Care Insurance and Providers
A Brief Guide to Health Care in the United States
Employee-based health care insurance is becoming a rarity in America. Started as a worker-recruiting tool in the 1930s, America's long-standing corporate-centric health insurance system is now broken. Few small businesses can afford the exorbitant premiums demanded by for-profit health insurance companies, while large corporations - for whom labor costs are considered the greatest hindrance to profits - have for decades been cutting back on employee health care benefits (that is, benefits for the relatively small American manufacturing and production labor force that remains following decades of shipping jobs to China, Korea, Mexico, and other countries where labor can be had for pennies on the dollar).
For all the labor-side problems in corporate America, self-employed Americans bear the brunt of the nation's current health-care disaster; they are twice as likely to be uninsured than others. Skyrocketing health insurance premiums are far out-of-reach of many self-employed persons. For-profit health insurance corporations have little interest in offering affordable health insurance to individual persons or families, simply because such policies are not deemed profitable enough. In short, there are no good health insurance options for self-employed persons, other than for the wealthy self-insured. That is, the current free market system rations health insurance and health care based on the individual's wealth.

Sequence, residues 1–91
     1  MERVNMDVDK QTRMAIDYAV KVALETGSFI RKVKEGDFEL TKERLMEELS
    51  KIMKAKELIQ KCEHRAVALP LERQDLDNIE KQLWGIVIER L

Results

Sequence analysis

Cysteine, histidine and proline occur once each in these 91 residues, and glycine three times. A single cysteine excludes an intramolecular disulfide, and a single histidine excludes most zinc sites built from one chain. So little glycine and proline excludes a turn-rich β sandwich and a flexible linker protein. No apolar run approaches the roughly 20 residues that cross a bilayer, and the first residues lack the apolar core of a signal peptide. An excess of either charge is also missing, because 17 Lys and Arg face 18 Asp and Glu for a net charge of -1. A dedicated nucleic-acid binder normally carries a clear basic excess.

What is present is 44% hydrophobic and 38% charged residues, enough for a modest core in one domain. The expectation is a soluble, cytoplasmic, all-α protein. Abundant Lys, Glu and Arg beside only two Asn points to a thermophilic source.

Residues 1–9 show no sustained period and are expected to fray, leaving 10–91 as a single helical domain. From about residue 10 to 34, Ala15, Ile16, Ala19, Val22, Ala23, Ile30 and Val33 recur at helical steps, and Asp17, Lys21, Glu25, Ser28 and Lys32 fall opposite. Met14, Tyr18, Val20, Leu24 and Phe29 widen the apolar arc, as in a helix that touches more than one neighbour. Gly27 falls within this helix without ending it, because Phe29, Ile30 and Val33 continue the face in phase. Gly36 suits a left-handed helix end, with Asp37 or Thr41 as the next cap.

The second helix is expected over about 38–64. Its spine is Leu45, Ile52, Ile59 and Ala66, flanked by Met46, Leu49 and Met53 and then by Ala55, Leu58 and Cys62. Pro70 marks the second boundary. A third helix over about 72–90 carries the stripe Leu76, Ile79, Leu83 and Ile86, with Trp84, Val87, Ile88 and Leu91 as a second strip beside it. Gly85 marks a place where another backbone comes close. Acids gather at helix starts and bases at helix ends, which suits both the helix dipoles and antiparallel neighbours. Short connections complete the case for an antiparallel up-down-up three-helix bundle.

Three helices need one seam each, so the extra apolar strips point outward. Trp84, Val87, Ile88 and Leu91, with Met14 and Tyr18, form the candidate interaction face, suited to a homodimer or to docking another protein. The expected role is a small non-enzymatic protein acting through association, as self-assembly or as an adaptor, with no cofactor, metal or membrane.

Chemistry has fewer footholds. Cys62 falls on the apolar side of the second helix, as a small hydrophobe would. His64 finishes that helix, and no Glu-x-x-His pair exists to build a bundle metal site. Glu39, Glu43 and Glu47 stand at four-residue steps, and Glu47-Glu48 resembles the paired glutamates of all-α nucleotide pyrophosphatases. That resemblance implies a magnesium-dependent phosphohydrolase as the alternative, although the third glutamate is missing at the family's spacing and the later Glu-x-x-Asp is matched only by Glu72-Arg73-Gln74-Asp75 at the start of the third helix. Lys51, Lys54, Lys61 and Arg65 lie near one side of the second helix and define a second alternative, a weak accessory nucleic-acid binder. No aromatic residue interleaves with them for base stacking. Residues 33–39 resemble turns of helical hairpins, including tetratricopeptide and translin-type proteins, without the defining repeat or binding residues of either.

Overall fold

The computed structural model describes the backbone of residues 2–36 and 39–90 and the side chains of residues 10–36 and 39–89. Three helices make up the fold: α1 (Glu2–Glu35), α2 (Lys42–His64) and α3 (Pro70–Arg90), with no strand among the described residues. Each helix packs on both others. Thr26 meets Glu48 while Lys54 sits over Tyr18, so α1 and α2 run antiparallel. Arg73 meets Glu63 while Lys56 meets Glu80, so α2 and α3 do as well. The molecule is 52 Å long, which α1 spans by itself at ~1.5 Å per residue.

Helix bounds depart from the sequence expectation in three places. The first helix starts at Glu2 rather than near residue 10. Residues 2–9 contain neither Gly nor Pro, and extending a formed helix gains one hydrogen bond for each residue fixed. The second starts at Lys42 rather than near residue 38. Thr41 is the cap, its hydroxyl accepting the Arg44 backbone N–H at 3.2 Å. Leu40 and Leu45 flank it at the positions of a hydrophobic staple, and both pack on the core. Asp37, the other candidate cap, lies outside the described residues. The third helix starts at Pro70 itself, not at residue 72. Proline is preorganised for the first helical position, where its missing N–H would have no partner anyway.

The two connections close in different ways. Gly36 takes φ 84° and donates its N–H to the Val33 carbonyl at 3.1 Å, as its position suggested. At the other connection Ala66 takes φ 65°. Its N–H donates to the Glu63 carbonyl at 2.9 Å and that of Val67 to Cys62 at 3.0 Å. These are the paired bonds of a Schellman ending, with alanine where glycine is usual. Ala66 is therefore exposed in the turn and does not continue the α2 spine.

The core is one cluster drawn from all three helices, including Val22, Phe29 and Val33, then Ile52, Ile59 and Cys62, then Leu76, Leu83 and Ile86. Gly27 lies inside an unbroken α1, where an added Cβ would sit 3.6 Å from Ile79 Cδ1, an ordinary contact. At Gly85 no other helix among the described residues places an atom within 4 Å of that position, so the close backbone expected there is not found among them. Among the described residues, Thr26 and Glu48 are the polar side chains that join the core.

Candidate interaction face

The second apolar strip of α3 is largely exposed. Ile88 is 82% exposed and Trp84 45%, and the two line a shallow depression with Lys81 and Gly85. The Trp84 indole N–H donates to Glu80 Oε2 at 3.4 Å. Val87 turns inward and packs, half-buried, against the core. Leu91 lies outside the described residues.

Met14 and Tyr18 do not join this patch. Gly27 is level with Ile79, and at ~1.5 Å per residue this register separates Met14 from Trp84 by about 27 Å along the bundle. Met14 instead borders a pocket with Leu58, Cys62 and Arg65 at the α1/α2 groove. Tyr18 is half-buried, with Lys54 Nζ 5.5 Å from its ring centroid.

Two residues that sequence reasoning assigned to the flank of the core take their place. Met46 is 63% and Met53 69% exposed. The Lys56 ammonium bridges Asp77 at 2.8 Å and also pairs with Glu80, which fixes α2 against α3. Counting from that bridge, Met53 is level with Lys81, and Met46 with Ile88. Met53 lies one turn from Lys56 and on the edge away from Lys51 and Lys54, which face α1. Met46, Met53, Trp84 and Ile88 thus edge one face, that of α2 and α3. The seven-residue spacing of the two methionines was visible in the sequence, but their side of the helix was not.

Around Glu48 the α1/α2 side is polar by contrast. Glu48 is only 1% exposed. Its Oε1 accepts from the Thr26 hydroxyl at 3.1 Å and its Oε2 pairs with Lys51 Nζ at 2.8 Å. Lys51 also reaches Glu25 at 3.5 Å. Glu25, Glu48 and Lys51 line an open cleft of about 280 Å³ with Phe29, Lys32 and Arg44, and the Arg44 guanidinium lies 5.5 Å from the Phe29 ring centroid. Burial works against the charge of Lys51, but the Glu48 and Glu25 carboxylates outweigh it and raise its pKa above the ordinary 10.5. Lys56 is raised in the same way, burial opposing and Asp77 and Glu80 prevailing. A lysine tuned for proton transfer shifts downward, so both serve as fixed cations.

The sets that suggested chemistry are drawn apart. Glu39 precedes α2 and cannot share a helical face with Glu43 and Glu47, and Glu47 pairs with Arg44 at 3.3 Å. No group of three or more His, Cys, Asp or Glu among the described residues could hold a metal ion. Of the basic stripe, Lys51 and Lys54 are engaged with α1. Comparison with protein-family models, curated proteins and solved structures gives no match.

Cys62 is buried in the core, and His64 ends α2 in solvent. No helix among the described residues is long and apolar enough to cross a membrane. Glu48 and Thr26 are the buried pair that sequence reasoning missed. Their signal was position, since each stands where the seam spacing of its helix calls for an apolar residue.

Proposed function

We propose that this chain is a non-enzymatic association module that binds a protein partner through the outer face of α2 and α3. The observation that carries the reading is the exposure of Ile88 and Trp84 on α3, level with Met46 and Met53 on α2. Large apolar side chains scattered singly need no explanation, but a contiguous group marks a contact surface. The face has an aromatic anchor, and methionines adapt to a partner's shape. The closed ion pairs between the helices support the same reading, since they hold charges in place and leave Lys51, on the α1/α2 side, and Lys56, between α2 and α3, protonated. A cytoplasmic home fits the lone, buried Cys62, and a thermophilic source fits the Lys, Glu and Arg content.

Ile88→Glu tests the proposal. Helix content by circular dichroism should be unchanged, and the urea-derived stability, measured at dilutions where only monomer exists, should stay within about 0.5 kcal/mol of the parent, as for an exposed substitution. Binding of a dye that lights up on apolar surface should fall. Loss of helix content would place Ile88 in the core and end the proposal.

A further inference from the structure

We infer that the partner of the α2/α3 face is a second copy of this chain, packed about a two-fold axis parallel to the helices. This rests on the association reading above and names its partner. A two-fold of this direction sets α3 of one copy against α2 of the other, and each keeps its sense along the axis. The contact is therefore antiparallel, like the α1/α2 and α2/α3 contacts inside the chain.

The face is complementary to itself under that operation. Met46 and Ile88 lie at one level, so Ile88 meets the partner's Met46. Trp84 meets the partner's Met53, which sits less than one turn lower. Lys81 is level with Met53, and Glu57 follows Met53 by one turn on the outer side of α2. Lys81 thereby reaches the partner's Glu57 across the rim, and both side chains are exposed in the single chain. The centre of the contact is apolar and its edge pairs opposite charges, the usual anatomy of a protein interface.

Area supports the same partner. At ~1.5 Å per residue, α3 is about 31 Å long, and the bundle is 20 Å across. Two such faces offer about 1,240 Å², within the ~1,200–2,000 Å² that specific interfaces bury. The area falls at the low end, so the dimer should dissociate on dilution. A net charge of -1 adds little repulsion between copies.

Is there any hope for non-wealthy self-employed individuals in the foreseeable future?
The current health care reform legislation working its way through Congress is supposed to make health insurance more affordable for self-employed individuals.
While the full measure of health care reform is not slated to kick in until 2013, beginning in 2010 for-profit insurers would be forced to offer insurance coverage to all Americans at more affordable prices. Whether or not for-profit health insurers will find loopholes to continue rationing care through denial of coverage and exorbitant premiums remains to be seen.